New answers tagged nas
One thing that (as far as I'm aware) none of the available NAS boxes are capable of (currently) is Shadow Copies which you would be able to do with the Windows server. This may or may not be important/useful to you; personally I love NAS devices over servers, but just thought I'd throw this into the mix.
For some background: The reason you typically get a NAS appliance is to get something that will serve up storage and "just work". Of course you need to do an initial configuration, but after that, you pretty much just leave it alone until a drive fails, or there's a critical firmware update. For a Windows file server, you'll need to do regular ...
Nope, you're not missing anything. If you've already invested in a lot of storage and it can also do NAS - think NetApp or EMC products - then sometimes it makes sense to just use the CIFS functionality built into the storage you've already got. It's one less Windows license you need. You can also leverage storage-based replication and snapshotting more ...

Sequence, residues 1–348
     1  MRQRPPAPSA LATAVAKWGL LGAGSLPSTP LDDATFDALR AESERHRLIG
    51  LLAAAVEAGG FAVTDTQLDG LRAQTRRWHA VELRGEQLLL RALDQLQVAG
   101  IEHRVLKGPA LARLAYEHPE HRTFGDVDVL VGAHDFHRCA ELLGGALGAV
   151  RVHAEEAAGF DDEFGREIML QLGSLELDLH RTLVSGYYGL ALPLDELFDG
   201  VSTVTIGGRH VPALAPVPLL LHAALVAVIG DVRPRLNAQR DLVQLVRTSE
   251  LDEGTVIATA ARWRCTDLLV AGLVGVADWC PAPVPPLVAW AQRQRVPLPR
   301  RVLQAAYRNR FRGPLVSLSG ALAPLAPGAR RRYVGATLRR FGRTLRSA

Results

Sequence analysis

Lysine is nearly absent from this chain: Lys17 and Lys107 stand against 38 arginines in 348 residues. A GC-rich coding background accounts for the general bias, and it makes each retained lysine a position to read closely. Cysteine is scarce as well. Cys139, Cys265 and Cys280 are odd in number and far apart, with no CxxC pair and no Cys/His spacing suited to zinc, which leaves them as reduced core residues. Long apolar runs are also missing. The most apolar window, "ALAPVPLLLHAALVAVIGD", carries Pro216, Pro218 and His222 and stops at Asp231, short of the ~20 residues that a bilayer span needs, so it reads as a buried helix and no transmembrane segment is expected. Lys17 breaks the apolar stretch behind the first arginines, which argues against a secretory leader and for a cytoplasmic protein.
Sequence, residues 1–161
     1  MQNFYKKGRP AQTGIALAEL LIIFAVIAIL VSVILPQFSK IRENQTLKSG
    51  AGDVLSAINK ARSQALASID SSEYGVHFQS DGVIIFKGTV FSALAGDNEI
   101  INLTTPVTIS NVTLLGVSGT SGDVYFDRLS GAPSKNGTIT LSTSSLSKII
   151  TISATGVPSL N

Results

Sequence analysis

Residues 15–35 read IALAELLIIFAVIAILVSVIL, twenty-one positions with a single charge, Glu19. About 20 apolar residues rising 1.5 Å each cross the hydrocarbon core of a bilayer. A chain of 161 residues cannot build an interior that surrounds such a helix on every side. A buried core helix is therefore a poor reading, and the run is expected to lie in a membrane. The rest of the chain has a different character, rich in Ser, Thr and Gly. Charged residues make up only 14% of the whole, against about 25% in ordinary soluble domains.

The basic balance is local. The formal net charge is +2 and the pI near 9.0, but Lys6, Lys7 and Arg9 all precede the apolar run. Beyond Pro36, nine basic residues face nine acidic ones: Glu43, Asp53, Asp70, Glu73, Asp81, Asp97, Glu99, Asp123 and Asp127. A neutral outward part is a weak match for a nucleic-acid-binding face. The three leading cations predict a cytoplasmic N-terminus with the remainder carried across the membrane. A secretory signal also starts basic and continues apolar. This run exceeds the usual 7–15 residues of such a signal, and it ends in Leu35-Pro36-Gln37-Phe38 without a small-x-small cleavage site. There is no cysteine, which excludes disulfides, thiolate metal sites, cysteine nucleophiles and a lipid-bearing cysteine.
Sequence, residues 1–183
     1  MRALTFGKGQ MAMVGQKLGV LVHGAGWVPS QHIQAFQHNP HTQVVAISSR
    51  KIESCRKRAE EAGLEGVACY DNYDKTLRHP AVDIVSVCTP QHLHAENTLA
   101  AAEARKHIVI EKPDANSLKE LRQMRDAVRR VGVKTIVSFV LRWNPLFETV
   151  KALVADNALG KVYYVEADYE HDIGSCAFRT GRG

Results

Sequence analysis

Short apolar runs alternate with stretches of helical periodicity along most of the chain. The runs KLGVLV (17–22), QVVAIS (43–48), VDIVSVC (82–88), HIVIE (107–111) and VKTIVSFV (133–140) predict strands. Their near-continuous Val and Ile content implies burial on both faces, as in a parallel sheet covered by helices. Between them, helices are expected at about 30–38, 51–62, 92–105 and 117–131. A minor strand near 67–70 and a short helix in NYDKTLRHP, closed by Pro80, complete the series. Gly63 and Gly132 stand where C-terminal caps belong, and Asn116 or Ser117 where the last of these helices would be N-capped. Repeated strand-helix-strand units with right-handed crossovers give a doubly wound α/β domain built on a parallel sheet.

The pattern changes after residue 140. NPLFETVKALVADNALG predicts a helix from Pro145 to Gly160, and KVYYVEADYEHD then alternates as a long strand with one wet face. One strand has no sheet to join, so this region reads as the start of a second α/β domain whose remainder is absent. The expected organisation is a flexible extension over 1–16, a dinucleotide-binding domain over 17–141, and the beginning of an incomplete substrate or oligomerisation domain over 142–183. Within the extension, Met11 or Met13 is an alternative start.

My understanding was that previous version of the file was stored in something like a NTFS resource stream, which it why I think of it as basically file metadata. This is not the case. I do not know much about the EMC Clariion, Symmetrix or VNX product lines (I do not work with EMC products), but most likely, the files served through SMB are not stored ...
That's bittorrent traffic. More specifically, it's traffic caused by the distributed hash table (DHT) protocol. There's even a thread about it on the QNAP forums
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